The first generation to graduate

Maira Sanchez,

I am the first member of my Mexican family to go to college.

I am 21 years old and come from a family of nine. I have six older brothers who were born in Mexico but I was born in the US. When I graduate next spring, it will be a great accomplishment, not only for me, but for my parents and my whole family.
Latino families make up 38 percent of the state’s population, according to a July 2015 California Census Bureau report. Of those families, 16.4 percent live in poverty. We are one of the millions of low-income Mexican families in California.

My parents came to this country about 30 years ago to give my brothers and me a better future and a better life. They spent three decades going back and forth between both countries, but have stayed here permanently since the early 2000s. They are now in the process of obtaining their American residence, a step that precedes earning full citizenship.

Three of my six brothers finished school in Mexico but the other three attended American schools and learned English in middle school and high school, which was difficult. Two of them obtained their high school diplomas.

I have been educated in the United States since preschool, so learning English was not an obstacle for me. I graduated high school with a 3.84 GPA and am now a rising senior at Cal State East Bay.

In many Mexican families, parents take great pride in their kids attending college. They are accomplishing the goals their parents did not achieve and the parents in turn feel successful. I come from a big family: More than 15 uncles and many cousins live close to us. I am my family’s pride and joy, so there is no room for me to fail to obtain my degree. Earning a bachelor’s degree is not just my goal; it’s everyone’s goal.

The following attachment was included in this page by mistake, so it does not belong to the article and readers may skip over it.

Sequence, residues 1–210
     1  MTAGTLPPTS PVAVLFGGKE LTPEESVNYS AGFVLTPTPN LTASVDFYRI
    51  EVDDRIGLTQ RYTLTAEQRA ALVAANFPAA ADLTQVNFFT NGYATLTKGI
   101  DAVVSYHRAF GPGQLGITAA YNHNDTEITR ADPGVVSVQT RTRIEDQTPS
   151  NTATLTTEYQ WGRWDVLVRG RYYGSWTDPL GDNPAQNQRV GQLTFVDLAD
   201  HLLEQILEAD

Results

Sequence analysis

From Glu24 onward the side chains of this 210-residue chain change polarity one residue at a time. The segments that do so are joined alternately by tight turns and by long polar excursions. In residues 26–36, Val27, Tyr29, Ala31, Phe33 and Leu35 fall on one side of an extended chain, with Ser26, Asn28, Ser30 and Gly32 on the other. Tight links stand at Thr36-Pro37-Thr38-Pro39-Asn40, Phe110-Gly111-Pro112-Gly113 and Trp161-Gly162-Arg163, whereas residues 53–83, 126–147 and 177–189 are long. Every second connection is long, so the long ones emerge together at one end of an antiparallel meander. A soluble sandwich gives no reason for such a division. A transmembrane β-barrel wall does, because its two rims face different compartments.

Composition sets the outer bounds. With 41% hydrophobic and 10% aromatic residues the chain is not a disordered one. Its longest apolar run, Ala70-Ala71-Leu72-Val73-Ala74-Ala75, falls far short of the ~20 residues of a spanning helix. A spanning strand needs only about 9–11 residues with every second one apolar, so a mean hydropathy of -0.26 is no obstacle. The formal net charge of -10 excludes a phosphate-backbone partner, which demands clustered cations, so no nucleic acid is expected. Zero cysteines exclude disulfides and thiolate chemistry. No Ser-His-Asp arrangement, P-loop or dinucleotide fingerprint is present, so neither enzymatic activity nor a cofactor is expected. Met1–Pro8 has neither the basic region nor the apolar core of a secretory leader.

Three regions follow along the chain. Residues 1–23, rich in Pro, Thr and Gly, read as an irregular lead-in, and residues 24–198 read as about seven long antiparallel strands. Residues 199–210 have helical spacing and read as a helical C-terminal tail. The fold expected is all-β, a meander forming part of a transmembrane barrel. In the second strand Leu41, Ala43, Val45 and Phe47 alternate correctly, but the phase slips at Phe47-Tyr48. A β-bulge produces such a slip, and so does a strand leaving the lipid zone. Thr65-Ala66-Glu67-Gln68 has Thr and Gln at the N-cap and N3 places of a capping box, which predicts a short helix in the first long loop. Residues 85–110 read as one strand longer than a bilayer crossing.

There are more and more students like me in this country. In 2014, 35 percent of Hispanics aged 18 to 24 were enrolled in a two or four-year college, a 13 percent increase from 22 percent in 1993, according to the Pew Research Center, a nonprofit, nonpartisan research organization.

When I was in high school I did not think of attending a four-year university right away. My goal at that time was to work, maybe attend a community college and then transfer. I wanted to make money to help out my family.

I was involved in school clubs and other extracurricular activities at San Lorenzo High School, and graduated from there with honors. A high school counselor encouraged me to apply to CSU and UC schools. She knew I would get accepted because I had good grades and was involved in extracurricular activities. Also, because I was from a low-income family, I would likely be eligible for scholarships and financial aid.

During my senior year of high school, I applied and was accepted to four CSU’s. I also received financial aid, which now pay for all my classes at CSU East Bay. I am thankful for the counselor’s encouragement because I can now say that I am the first in my family to attend college. I plan to receive a communications degree, hopefully by spring 2017.

As of January, 42.5 percent of first-year student enrollment at CSU East Bay is Hispanic/Latino, according to the CSU Mentor website. Of all the degree-seeking undergraduates, 28.6 percent are Hispanic/Latino, the highest ethnicity group at Cal State East Bay.

I feel proud to obtain a degree, particularly right now, because it gives me the chance to show that I am not what Donald Trump has said about Mexicans throughout his presidential campaign. I am not a rapist or drug dealer; I am a student that wants to get an education and give my family a better future, just like anyone else.

I want my parents to feel successful too, and the best way I can do that is by graduating college. It shows our community that being Mexican does not mean we cannot also be successful. As the first to attend a university, I am setting the example for my younger family members that they can also go to college and obtain a degree.